Thursday, October 18, 2012

Spectral Analysis of Two Orotones

A positive image produced on a glass plate with a gold-tone pigment applied to the plate’s emulsion side over the developed image is known as an orotone, and is a photographic process that was most prominent during the late 19th century through the 1940’s, during a time when the aesthetic use of bronze power pigments in works of art and décor was prevalent.

Due to high cost, gold was never used as a backing pigment, and bronze pigment mixtures with copper and zinc metals were used instead.  The color tone of the pigmented backing material is dependent on the amounts of copper and zinc in the mixture, as more copper will exhibit a truer bronze tone, and the more zinc added will shift the color to a luminous yellow-gold tone.[1]  With their high degree of reflectivity, transparency and brilliant gold tone, orotones (also known as Curt-tones, Doretypes, and goldtones) seem to exude the appearance of a varnished painting rather than a photograph. 

The photographic collection at GWAC contains two orotones; one with a positive image on a glass plate, and the other image resides on a polymer film.  Using the Bruker Tracer III-V+ XRF spectrometer, both pigmented backing materials were analyzed in order to determine their elemental compositions.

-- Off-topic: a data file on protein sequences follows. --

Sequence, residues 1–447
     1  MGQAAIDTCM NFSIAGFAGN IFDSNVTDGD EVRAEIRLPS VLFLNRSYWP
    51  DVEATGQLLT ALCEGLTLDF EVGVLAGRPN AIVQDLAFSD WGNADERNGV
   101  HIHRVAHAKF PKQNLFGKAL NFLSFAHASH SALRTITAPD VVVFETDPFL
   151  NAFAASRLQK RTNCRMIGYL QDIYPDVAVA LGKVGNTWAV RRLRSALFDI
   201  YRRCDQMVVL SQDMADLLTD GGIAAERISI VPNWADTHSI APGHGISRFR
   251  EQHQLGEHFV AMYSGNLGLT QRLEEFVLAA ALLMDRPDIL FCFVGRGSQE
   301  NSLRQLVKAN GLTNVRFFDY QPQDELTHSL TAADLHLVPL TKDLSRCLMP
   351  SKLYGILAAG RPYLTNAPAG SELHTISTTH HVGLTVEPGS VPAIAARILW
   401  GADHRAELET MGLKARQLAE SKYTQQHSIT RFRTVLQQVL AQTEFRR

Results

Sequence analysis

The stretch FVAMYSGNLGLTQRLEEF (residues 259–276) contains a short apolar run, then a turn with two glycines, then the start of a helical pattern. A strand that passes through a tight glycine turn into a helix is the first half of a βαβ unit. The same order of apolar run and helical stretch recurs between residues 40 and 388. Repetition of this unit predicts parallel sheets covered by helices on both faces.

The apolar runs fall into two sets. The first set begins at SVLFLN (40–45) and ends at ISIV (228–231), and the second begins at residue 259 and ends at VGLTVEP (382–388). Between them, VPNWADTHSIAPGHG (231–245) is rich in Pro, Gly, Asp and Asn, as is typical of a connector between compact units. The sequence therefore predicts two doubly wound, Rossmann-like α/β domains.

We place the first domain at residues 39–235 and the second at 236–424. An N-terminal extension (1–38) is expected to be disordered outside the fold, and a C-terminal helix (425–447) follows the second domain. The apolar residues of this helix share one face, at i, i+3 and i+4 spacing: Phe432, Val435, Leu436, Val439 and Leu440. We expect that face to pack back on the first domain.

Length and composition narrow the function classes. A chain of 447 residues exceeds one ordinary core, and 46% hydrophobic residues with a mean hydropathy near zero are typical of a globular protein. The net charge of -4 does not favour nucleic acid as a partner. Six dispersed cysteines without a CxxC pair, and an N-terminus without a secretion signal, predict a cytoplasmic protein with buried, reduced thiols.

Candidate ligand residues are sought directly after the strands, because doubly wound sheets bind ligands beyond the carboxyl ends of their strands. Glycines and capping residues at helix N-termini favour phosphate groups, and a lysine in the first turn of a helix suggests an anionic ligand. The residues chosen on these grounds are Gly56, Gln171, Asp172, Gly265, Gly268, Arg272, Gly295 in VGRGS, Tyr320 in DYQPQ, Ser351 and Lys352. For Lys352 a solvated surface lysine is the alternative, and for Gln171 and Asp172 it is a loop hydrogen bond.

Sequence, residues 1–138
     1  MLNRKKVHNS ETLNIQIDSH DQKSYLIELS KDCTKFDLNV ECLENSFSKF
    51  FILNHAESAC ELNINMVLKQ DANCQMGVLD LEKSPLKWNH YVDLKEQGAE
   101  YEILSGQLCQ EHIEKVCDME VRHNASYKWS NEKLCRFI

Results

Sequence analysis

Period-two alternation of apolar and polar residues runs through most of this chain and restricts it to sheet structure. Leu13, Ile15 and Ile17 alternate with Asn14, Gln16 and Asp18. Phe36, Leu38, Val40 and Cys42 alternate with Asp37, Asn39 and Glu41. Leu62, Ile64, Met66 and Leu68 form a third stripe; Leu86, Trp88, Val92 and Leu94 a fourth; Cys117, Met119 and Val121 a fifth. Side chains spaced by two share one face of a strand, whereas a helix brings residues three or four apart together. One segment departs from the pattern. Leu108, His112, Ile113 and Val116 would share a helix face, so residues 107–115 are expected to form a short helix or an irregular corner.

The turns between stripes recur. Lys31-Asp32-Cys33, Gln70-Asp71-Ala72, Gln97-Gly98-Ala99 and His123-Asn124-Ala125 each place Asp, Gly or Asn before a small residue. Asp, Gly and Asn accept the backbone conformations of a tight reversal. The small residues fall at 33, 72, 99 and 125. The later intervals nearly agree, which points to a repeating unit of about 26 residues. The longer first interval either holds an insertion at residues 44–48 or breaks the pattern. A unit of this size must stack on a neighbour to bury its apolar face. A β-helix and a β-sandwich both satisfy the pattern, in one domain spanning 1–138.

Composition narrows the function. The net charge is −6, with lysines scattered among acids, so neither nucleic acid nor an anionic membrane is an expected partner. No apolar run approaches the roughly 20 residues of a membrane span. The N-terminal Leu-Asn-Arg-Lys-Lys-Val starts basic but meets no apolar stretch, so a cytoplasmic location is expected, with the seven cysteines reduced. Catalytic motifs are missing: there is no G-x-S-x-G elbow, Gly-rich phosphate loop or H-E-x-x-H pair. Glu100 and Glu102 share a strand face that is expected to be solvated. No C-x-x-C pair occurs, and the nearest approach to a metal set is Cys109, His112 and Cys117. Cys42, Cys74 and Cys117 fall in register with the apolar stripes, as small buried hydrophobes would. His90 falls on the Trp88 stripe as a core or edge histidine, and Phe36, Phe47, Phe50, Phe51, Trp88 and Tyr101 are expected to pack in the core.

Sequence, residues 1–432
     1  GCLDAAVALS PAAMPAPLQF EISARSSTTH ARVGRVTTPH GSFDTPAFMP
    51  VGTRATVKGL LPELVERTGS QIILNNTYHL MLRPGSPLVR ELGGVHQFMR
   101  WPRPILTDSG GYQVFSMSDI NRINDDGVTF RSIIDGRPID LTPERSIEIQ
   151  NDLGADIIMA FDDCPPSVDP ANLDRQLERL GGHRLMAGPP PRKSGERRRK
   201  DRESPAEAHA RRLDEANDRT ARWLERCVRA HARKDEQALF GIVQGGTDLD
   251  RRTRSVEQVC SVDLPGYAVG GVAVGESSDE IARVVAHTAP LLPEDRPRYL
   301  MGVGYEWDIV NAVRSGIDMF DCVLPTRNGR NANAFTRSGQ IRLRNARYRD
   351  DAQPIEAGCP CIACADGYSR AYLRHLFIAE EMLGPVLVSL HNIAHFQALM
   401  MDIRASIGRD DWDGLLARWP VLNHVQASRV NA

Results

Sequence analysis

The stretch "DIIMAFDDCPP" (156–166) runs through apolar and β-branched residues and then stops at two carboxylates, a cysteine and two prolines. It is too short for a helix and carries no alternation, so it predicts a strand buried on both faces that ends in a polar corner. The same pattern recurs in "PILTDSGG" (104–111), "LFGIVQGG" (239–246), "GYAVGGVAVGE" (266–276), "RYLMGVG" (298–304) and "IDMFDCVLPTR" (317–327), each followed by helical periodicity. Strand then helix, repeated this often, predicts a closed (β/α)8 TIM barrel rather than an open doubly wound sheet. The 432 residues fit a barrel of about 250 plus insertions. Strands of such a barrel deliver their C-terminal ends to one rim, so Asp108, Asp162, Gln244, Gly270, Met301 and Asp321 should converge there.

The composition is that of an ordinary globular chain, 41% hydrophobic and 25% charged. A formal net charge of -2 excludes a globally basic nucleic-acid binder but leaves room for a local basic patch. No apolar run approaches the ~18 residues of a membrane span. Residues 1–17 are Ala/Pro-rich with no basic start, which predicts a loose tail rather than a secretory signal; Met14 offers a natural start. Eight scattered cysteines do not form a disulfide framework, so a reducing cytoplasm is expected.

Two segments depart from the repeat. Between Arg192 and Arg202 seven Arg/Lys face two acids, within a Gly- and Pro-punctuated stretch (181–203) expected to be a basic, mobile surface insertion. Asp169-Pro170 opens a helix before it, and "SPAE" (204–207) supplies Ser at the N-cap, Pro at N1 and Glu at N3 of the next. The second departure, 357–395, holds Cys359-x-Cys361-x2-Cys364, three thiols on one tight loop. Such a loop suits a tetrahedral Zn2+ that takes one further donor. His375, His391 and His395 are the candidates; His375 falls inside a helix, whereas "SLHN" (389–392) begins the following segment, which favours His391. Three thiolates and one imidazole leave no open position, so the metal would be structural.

“#4 Moonlight on the Lake” (stamped in red ink on the back of the frame containing the orotone):  The positive image is on a traditional glass plate and has a bright yellow sheen within the backing pigment.  Elements of zinc (Zn) and copper (Cu) were detected, and originate from the brass pigment.  Interestingly, arsenic (As) is also a detected element, and originates from the glass rather than from the pigment.  Silver (Ag) and strontium (Sr) elements are also included in the spectrum, and are components within the photographic image.


Cliffside Orotone:  This orotone consists of a positive image on a plastic film, rather than the traditional glass support.  Due to the incorporation of the polymer support material, this orotone must be more contemporary than “#4 Moonlight on the Lake”.   Similar to the previous orotone, Cu and Zn peaks are observed, confirming that the pigment on the orotone's reverse is also a brass alloy.  A silver peak from the image side is the only other element observed in the spectrum.  

[1] Richard Stenman, “Initial Investigation into Orotone Photographs”, Topics in Photographic Preservation, Vol. 14 (Photographic Materials Group, The American Institute for Conservation of Historic & Artistic Works), 2011, 268.

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